BROOKES: Thank you.

HILL: Thank you.

GERGEN: Thank you.

HILL: Just ahead: the health club gunman's chilling words foreshadowing last night's killing spree, apparently aimed at women, the words he left behind showing he had been planning his rampage for months.

And, later, what happens when horse meets car? Believe it or not, the ending is not only amazing; it's amazingly positive.


HILL: New details tonight on that killing spree at a Pennsylvania health club emerging, as police reveal a possible motive.


CHARLES MOFFATT, ALLEGHENY COUNTY, PENNSYLVANIA, POLICE SUPERINTENDENT: He just had a lot of hatred in him and he was hell- bent on committing this act. And there was nobody going to stop him. (END VIDEO CLIP)

HILL: The gunman murdered three women, Elizabeth Gannon, Jody Billingsley, and not pictured, Heidi Overmier. Nine other people were injured. Tonight, three of them are in critical condition.

There are actually many other clues to his rampage, clues left in the gunman's own words.

Jeanne Meserve has more tonight on the killer's chilling online journal.


JEANNE MESERVE, CNN HOMELAND SECURITY CORRESPONDENT (voice-over): George Sodini was silent when he opened fire at his Pittsburgh area health club, killing three women, before taking his own life.

But, in his online diary, the 48-year-old spoke volumes about the carnage he was to inflict.

"Why do this to young girls?" the journal begins. "Just read below. I kept a running log that includes my thoughts and actions."

Indeed, he did. He called his killing spree his project, and it began months ago. On November 5, 2008, he wrote, "Planned to do this in the summer, but figured to stick around to see the election outcome." And, in an entry from December 22, an apparent reference to the plot and the women at his gym: "Time is moving along. Planned to have this done already. Many of the young girls here look so beautiful, as to not be human, very edible."

The journal also reveals his desperation and loneliness. From Christmas Eve: "No girlfriend since 1984. Who knows why. I'm not ugly or too weird. No sex since July 1990 either."

In May, more despair. "I made many big changes in the past two years," he wrote, "but everything is still the same. Life is over."

This is from August 3: "I took off today, Monday, and tomorrow to practice my routine and make sure it is well-polished. I need to work out every detail. There is only one shot. Tomorrow is the big day."

Hours later, Sodini, wearing shorts and carrying a bag loaded with guns, entered an aerobics class, turned the lights off, and fulfilled his death wish.

MIKE HENTOSZ, EYEWITNESS TO SHOOTINGS: I was right beside the room when it all took place. I seen everybody running. This is a good neighborhood. Stuff like this doesn't happen.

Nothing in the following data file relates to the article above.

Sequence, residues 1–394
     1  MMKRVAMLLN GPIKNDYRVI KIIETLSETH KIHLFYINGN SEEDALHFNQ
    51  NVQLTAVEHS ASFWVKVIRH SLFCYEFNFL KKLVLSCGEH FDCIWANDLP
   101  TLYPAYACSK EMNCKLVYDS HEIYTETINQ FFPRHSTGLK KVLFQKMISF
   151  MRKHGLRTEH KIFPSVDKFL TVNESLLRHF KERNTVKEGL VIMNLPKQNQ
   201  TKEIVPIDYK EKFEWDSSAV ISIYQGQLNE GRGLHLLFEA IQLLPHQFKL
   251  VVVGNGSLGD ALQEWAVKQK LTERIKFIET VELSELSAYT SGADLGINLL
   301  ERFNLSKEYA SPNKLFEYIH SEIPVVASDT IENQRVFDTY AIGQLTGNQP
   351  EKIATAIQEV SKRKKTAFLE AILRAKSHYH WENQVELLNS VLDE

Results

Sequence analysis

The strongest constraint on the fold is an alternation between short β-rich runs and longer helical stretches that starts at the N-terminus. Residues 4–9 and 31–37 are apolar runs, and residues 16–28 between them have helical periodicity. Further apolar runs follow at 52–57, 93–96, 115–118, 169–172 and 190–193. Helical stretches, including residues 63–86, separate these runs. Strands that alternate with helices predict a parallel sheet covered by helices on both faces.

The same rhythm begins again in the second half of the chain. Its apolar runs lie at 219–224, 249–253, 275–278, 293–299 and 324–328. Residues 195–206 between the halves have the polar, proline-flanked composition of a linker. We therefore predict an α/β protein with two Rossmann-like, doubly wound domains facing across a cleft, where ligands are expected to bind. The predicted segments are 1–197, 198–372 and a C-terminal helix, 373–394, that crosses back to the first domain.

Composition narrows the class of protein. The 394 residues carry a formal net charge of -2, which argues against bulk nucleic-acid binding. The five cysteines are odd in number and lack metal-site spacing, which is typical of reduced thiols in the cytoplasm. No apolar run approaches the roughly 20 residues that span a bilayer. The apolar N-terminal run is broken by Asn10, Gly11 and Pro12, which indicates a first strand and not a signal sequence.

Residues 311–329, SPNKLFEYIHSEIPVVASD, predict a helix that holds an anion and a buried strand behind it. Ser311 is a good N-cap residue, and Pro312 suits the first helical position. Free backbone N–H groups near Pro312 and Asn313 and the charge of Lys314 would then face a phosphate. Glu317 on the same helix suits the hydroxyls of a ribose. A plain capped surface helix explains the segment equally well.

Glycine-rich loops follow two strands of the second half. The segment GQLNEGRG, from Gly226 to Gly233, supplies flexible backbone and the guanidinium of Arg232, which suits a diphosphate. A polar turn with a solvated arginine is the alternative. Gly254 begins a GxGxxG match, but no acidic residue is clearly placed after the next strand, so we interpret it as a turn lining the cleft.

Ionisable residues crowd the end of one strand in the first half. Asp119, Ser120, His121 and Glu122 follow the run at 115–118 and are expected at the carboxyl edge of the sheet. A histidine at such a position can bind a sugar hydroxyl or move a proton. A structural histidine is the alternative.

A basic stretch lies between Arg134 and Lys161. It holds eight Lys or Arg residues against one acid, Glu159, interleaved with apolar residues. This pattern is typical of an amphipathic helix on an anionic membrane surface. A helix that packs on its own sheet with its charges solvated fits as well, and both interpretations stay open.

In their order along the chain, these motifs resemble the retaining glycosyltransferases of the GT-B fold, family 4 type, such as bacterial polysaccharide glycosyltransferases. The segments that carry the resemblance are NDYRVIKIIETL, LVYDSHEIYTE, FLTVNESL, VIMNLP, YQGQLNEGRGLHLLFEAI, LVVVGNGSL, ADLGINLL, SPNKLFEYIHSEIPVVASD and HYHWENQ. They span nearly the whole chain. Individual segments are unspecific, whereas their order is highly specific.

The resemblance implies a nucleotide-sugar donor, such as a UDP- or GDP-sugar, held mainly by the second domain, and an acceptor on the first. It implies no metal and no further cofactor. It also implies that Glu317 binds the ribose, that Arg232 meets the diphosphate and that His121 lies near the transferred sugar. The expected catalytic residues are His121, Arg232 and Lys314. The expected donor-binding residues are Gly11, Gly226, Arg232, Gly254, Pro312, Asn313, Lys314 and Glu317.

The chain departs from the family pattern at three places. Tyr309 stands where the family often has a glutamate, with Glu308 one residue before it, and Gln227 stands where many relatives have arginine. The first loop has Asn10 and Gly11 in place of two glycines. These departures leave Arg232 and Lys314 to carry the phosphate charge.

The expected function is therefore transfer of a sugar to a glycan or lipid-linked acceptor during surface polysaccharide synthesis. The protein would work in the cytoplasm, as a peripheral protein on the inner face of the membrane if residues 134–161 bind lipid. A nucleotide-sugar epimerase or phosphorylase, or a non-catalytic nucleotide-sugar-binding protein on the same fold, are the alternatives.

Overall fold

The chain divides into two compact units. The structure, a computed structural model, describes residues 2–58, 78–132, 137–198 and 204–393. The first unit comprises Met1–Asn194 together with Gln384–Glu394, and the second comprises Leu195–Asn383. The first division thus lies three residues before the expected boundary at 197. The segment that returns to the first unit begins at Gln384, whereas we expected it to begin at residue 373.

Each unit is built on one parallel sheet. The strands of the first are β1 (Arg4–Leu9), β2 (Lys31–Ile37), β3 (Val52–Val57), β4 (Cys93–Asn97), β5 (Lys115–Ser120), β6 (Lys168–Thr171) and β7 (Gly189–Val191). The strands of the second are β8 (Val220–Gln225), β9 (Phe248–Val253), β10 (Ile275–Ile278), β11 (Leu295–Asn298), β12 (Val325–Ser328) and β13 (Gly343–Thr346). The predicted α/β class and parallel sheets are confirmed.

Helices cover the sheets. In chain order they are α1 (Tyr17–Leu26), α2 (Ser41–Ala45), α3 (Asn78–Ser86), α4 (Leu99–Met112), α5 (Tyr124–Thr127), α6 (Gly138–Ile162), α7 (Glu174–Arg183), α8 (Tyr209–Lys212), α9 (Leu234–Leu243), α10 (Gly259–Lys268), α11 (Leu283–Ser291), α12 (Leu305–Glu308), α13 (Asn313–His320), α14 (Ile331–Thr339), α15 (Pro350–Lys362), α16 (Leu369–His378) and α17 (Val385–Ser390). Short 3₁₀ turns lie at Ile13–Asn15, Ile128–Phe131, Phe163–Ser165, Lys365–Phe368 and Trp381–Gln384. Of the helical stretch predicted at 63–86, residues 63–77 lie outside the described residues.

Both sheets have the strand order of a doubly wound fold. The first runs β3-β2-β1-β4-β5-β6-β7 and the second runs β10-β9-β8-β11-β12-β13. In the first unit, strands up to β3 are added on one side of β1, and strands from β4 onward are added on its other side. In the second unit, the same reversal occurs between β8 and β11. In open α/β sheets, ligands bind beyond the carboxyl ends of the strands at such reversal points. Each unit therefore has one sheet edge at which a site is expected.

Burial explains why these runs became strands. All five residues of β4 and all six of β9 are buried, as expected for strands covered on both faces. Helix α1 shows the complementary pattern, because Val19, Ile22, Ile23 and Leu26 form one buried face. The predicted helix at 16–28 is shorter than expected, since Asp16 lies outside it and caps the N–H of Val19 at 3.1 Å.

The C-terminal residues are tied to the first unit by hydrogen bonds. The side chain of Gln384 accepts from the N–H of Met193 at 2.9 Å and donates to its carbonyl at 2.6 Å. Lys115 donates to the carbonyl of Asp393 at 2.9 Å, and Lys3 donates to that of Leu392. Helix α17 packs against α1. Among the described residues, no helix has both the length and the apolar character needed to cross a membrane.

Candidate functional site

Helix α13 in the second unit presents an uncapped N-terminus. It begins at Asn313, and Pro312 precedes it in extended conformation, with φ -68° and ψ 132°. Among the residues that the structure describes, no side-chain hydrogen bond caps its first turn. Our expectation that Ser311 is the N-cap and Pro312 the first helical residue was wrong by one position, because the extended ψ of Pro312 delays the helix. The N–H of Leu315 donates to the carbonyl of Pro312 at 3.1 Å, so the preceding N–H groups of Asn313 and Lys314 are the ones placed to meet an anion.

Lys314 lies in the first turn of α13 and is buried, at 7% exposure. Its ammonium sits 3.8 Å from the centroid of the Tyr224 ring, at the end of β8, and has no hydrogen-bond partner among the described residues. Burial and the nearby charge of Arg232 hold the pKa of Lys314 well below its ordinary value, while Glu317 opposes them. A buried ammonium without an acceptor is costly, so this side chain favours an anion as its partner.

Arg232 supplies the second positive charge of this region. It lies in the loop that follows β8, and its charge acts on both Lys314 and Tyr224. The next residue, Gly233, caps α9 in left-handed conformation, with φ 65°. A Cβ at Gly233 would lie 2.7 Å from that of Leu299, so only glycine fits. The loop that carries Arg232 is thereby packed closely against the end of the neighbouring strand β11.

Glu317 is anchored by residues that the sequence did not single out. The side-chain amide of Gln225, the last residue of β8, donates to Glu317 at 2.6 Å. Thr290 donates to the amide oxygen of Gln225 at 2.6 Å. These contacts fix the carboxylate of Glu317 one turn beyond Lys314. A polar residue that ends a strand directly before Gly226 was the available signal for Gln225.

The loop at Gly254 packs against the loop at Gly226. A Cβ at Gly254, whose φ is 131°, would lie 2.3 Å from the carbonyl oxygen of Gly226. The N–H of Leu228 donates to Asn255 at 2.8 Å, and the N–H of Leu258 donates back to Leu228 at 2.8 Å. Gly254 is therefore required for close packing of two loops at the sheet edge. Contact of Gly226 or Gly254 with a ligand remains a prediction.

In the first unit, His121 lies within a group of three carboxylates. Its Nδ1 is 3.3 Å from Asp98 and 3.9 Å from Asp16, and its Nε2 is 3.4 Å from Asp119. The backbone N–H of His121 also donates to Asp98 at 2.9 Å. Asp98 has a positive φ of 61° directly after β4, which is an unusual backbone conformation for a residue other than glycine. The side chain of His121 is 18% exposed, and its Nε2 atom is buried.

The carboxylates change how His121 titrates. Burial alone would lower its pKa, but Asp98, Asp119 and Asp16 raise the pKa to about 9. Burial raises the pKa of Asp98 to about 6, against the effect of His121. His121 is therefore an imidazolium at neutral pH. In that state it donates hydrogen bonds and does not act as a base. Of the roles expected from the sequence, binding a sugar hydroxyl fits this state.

MESERVE: But they did, committed by a man who, at the top of his journal, typed his name, age, date of birth, and listed his date of death as August 4, 2009.

(END VIDEOTAPE) HILL: That's just chilling, Jeanne. I -- I know police at this hour are actually trying to reconstruct the timeline. Have they given you any further details about that?

MESERVE: Well, for one thing, from the blog, we know that he tried to do this back in January, but, in his words, he chickened out.

Police say, yesterday, he came to this club at 11:00, left, came back a little after 7:00. Then they believe he left the building to make a telephone call at about 7:45, went back in at 7:56.

They got the first 911 call at 8:16 at night. They're trying to find out more about who he called and what was said.

Another note: They do not believe he knew anybody who was in that aerobics class. But he did target the class. They found a schedule at his house with this class circled. And police say that -- police say, experts say that it's no surprise that, if he hated women, he wanted to target women, an aerobics class would be a logical place to look -- Erica.

HILL: Boy, it really makes you think twice.

Jeanne Meserve, live for us tonight -- Jeanne, thanks.

If you log on to, you can actually read the entire text of the killer's chilling journal.

Our weeklong series on the Manson murders continues tonight with a disturbing question. Could there actually be dozen more victims who have died at the cult's hands? We will tackle that just ahead.

But, first, Gary Tuchman joining us with a 360 bulletin.

Welcome back.


Iranian President Mahmoud Ahmadinejad has been sworn in for a second term, even as his victory continues to be disputed on the ground. Key opposition leaders and moderate lawmakers boycotted today's ceremony. Meantime, hundred of protesters turned out in Tehran's streets. Security forces broke up the demonstrations with clubs and pepper spray.

A senior defense official says two Russian attack submarines cruising in the Atlantic Ocean off the East Coast of the U.S. are not causing any alarms to go off at the Pentagon. The Pentagon says the subs are in international waters and not the kind that can launch intercontinental nuclear missiles.